Consider this… You are casually reading a book, engrossed in the content. It’s one that was recommended to you because of your background. It’s a true story and about something you or a loved one may have experienced. Suddenly you see your name or the name of a close relative in print. Yes! It’s right there in that book you are reading and the setting is something you know or have been told of. Wow!
How would you feel? I guess it would depend on how you or that said relative or friend was depicted. If the subject is highly spoken of or praised in passing, that would be a great service to you. If not, your emotions may overflow to the negative side.
As my journey continues with the Alaska book, (I must decide on a name for this book soon or The Alaska Book will stick and I know I can do better than that!) proper names come to mind. Should I or shouldn’t I?
My mother was usually very blunt when it came to her letter writing from Alaska. In other words, she wasn’t always nice. She was honest though and she named names. After all, these were letters she wrote to people back home who worried about our family homesteading in the wilderness, our family of six and then suddenly seven. She never dreamed they would be published one day.
Now believe me, there were no murders or bank robberies or child neglect that she talked about. Nothing to put anyone behind bars. It was more often human nature, bad attitudes, and politics of the day.
The names of these friends and neighbors have been embedded in my mind and to have to change the names to protect the innocent would also mean changing the tone of the letters somewhat. I don’t think I could come up with names better fitting to the characters than the ones they had been given at birth or through marriage.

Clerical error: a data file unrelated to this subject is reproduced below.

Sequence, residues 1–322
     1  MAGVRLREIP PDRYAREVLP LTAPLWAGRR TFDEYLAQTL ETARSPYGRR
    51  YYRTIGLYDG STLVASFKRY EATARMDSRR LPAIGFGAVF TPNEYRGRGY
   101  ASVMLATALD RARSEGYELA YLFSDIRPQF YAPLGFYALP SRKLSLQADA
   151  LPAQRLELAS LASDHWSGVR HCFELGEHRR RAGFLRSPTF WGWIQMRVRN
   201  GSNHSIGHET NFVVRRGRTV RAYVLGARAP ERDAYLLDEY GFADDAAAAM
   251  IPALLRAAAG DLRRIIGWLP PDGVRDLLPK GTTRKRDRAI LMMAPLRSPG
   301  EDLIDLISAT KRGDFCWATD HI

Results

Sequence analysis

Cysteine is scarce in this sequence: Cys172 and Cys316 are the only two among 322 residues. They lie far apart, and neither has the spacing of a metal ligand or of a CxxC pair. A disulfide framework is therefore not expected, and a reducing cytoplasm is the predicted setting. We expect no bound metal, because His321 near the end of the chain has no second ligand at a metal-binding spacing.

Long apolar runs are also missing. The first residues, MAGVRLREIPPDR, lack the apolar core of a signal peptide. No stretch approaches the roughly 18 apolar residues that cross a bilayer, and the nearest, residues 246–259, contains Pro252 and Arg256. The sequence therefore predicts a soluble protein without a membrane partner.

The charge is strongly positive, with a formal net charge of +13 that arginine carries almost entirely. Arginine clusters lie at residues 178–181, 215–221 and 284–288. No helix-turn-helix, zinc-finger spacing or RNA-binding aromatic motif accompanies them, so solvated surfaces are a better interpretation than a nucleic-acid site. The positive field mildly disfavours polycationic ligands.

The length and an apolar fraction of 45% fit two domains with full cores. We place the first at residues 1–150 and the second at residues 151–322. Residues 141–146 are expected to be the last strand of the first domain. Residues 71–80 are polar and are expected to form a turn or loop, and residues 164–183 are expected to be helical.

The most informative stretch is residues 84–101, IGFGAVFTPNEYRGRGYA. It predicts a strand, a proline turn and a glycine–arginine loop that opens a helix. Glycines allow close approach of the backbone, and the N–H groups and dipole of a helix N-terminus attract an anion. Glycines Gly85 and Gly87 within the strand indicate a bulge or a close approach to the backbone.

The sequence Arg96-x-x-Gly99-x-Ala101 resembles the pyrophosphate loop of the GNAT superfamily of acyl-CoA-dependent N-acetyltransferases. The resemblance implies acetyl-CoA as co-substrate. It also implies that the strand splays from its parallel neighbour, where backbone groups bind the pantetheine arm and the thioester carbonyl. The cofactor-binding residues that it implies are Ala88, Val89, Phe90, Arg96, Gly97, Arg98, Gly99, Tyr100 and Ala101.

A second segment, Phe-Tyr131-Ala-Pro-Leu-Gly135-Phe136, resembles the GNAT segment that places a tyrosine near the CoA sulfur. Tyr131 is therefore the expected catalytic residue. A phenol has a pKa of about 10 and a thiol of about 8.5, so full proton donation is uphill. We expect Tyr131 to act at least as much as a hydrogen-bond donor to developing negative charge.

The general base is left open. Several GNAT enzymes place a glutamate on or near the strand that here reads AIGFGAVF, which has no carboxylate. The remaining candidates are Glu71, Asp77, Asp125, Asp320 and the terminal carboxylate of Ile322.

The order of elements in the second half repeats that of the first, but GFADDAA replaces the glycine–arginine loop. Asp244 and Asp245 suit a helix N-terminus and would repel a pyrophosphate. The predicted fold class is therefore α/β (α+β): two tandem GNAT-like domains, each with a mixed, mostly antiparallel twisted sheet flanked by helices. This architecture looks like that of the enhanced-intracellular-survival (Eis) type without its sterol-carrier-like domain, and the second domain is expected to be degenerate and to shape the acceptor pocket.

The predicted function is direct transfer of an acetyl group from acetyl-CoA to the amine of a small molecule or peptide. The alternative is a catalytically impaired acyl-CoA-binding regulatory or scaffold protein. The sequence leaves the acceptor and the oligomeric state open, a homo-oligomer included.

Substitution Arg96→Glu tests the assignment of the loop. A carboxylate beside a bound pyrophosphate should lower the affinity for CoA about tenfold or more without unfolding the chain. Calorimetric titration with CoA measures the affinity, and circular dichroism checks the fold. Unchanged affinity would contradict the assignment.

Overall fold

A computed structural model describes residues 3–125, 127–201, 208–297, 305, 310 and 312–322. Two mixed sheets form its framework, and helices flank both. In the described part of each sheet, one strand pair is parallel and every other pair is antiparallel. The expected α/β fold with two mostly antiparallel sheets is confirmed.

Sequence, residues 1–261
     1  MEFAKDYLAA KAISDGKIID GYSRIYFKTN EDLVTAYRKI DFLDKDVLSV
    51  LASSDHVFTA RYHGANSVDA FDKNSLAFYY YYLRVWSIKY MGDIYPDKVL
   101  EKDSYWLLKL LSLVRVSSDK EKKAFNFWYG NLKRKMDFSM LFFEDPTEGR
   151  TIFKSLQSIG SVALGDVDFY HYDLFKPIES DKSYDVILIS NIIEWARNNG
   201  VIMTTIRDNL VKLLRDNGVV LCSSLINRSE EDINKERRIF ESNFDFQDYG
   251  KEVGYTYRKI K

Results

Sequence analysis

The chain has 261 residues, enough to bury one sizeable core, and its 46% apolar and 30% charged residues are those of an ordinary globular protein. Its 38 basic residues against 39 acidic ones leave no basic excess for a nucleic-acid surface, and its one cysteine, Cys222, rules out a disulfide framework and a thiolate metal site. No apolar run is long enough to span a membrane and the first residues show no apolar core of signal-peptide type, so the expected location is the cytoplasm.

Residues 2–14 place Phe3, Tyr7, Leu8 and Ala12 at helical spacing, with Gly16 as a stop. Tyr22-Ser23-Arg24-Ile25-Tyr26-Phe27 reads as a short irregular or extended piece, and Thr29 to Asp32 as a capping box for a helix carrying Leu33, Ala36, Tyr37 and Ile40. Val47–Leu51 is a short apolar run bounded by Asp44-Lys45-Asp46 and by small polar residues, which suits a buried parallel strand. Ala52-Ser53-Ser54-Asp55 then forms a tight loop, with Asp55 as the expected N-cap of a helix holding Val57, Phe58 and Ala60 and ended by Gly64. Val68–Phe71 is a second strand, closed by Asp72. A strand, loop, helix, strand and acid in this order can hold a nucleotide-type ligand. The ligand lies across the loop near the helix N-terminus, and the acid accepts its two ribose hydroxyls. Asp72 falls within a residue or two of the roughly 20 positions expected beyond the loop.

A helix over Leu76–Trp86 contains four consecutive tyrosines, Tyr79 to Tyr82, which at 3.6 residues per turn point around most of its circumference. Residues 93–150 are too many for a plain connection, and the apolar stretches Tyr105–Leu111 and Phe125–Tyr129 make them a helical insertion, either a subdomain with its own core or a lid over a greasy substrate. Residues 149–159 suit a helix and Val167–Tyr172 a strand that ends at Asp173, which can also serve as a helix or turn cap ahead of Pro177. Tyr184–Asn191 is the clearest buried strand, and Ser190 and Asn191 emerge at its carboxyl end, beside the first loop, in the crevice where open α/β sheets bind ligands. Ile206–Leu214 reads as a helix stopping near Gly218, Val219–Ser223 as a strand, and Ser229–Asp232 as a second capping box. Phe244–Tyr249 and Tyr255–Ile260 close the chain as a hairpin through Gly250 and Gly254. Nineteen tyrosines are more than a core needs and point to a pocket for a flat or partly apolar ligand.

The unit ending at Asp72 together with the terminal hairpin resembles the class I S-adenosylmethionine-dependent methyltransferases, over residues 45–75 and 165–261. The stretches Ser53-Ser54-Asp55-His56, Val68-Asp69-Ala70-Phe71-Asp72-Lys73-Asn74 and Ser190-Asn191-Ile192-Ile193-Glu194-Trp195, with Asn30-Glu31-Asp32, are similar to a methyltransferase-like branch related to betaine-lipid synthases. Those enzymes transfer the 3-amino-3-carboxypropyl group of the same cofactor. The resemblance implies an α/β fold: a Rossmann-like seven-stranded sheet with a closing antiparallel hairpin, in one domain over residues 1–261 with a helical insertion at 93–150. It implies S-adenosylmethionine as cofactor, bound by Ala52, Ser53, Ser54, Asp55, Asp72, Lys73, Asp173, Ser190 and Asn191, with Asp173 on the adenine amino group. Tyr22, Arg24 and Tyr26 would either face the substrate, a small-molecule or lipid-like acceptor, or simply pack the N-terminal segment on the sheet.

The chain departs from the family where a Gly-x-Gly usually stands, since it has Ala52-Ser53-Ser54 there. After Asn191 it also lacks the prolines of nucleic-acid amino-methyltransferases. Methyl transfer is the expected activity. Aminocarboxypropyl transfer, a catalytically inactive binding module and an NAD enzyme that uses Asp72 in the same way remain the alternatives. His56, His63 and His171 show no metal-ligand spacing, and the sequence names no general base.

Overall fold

Take Clarence Finch for example. He was a bachelor friend of my Dad’s. They played numerous games of chess together before the fire on cold winter nights. His name itself leads you to a picture in your mind – a tough grisly looking bearded mountain man. I really can’t remember what he looked like and bachelor to me says ‘old’. In reality, the bachelors she spoke of were probably in their late 20’s and 30’s. From what I’ve read while researching this book, the Alaska wilderness was sparse with eligible young womankind at that time.
Then there was Junior Alexander, the airplane pilot who would fly over to check on us when Daddy was off working for weeks. What do you think when you hear the name Junior?
There were Mary and George Cartright, Floyd Hatsfield, Mrs. DuFour, Dr. Fenger, Chuck and Sylvia Van Keuren and Chuck’s brother Chet. Another bachelor, Swede Carlson, and the Voss’s, and Ben Greer were also close neighbors – as in miles-away because it was homesteading after all.
The majority of these people are probably long gone or in their late 80’s and 90’s at the youngest. Mother and Daddy aren’t with us anymore, so suing either of them for slander or just because won’t happen, I don’t believe. But what about me? Is that an option?
I love these names from my childhood. They have stuck with me like glue. Replacing them would be hard and time-consuming. I couldn’t replace Junior with Ralph. It just doesn’t fit. And Mrs. DuFour doesn’t seem like a Mrs. Smith to me. Dr.Fenger is well…What name would fit the bill any better? What would you do in this position and what is politically correct?
The names she quoted as family members and close friends from Louisiana, I have no problem with. I just hope they are all spelled correctly!